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National CSA Day: From Farm Fresh to the Farm Bill

February 23, 2018


Kate Edwards runs a vegetable Community Supported Agriculture (CSA) that feeds families in Johnson County, Iowa. Photo credit: Preston Keres USDA.

Kate Edwards runs a vegetable Community Supported Agriculture (CSA) that feeds families in Johnson County, Iowa. Photo credit: Preston Keres USDA.

National CSA Day is a great day to get a jumpstart on healthy eating for the year, and it’s also a great day to reflect on how public policy shapes our food system and to learn more about what we can do to make a positive impact. CSA stands for “Community Supported Agriculture” program, and CSAs serve as a marketing system through which local farmers can connect directly with consumers in their area and make a mutual agreement for food production and purchase through the growing season.

Traditionally, National CSA Day is a reminder to check out the local producers offering CSAs near you and get signed up while there are still spots available. Here at the National Sustainable Agriculture Coalition (NSAC), we also think this a great time to dig into the relationship between local food marketing opportunities (like CSAs) and the upcoming federal farm bill.

Local Food and the Farm Bill

Federal policy has a huge impact on what is produced in this country, how it is produced, and who is able to access and/or purchase it. As part of the local food system, CSA farmers and subscribers have an important role to play in the upcoming farm bill debate. Many programs crucial to the viability and long term success of CSAs and local food economies will be up for debate as part of the upcoming farm bill process – both their funding levels and the essential ways in which they function.

Key local food and nutrition programs that will be part of the farm bill debate include: Value Added Producer Grants, Farmers Market and Local Food Promotion Program, Food Insecurity Nutrition Incentives Program, Senior Farmers Market Nutrition Program, Farm to School grant program, and Beginning Farmer and Rancher Development Program.

As part of the farm bill process, Congress Members will introduce “marker bills” (meant to “mark” a place for legislative language to be included in the final farm bill) to promote their farm bill priorities. Senators Sherrod Brown (D-OH) and Susan Collins (R-ME) and Representatives Chellie Pingree (D-ME), Jeff Fortenberry (R-NE), and Sean Maloney (D-NY) have introduced a bill that would provide much-needed financial and policy support to local farmers and food systems: The Local Food and Regional Market Supply Act of 2017 (the “Local FARMS Act”).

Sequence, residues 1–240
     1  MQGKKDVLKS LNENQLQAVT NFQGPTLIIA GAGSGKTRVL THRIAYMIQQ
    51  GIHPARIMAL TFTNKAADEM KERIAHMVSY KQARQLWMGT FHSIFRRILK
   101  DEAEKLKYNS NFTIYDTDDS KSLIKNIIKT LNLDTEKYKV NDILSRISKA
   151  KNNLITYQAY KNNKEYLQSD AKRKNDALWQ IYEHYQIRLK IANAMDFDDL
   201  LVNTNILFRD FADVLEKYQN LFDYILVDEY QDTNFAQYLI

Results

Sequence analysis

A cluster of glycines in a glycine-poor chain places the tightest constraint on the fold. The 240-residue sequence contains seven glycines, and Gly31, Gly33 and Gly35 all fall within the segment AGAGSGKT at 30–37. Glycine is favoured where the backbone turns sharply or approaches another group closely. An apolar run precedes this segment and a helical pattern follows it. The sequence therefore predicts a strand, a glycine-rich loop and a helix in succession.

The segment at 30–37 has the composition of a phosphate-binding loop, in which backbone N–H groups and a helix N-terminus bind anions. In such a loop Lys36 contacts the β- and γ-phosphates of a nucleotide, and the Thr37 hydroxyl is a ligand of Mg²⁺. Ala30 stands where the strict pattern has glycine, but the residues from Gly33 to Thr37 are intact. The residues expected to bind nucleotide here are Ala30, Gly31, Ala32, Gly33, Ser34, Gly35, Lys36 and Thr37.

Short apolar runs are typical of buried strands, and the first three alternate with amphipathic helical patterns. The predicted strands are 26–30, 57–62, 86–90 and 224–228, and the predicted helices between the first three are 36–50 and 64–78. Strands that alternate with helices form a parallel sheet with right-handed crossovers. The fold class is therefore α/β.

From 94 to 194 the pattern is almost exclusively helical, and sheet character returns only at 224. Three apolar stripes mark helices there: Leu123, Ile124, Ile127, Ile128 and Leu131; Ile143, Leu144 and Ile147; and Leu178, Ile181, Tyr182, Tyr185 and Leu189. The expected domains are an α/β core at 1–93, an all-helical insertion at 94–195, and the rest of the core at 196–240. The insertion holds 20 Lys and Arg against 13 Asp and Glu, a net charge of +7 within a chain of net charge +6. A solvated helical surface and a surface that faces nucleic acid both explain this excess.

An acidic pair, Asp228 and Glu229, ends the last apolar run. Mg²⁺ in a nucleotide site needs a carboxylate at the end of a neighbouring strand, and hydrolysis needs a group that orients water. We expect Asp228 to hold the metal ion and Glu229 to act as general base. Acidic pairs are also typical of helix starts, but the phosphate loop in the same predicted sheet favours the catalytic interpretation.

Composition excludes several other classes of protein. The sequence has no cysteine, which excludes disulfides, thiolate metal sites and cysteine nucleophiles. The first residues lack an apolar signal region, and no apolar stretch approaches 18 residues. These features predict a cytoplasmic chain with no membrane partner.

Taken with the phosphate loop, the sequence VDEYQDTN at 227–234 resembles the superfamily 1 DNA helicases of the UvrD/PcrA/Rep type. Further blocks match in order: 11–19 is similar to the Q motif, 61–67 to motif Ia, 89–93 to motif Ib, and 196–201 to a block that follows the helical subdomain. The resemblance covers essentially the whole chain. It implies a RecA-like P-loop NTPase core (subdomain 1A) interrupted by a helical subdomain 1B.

The Local FARMS Act calls on Congress to help communities prosper by making farm to fork investments in the 2018 Farm Bill. Specific proposals in the bill that will be of interest to CSA farmers and subscribers, in addition to farmers’ market vendors and shoppers, include:

  • Expanding the Seniors Farmers Market Nutrition Program (SFMNP) – SFMNP provides coupons to low-income seniors that can be exchanged for fruits, vegetables, herbs, and honey from authorized farmers, farmers markets, and CSAs. The Local FARMS Act calls on Congress to reauthorize and expand SFMNP to include low-income veterans. In order to account for this expanded audience, the bill also requests an increase in funding from $20.6 million to $50 million per year.
  • Creating the Harvesting Health Pilot Program – Authorize the piloting of produce prescription projects that create partnerships between health clinics or similar entities and healthy food access projects (e.g., CSAs, and farmers markets). This pilot program would be designed to demonstrate and evaluate the impact of produce prescription programs in addressing food insecurity, reducing health care costs and supporting local agriculture. The pilot would be funded at $10 million per year.
  • Expanding the Farmers Market and Local Food Promotion Program (FMLFPP) – FMLFPP is a competitive grants program that funds direct-to-consumer marketing strategies, as well as local and regional food business enterprises that act as intermediaries between producers and consumers. Over the years, FMLFPP has supported many efforts to promote CSA programs across the country, including a 2015 grant to the FairShare CSA Coalition that help them to share their methods of success with other CSAs through the development of a comprehensive toolkit. The Local FARMS Act would expand FMLFPP and increase funding for the program through the creation of a new program called the Agricultural Market Development Program. This program would consolidate FMLFPP and the Value-Added Producers Grant Program (VAPG) in a manner that retains the underlying functions of both, and provide $80 million in mandatory farm bill funding per year.

To learn more about the Local FARMS Act click here, and click here to find more information on NSAC’s entire 2018 Farm Bill campaign.

For more information about the history of CSAs, types of CSAs, and examples of how CSA programs have utilized USDA programs, check out our 2017 CSA Day blog.


Categories: Local & Regional Food Systems, Nutrition & Food Access


One response to “National CSA Day: From Farm Fresh to the Farm Bill”

  1. Many Farmer Don’t Know National CSA Day, Thanks For Give Information About National CSA Day. Well Information Local FARMS Act Such as Great.
    Really Useful Blog for farmer!

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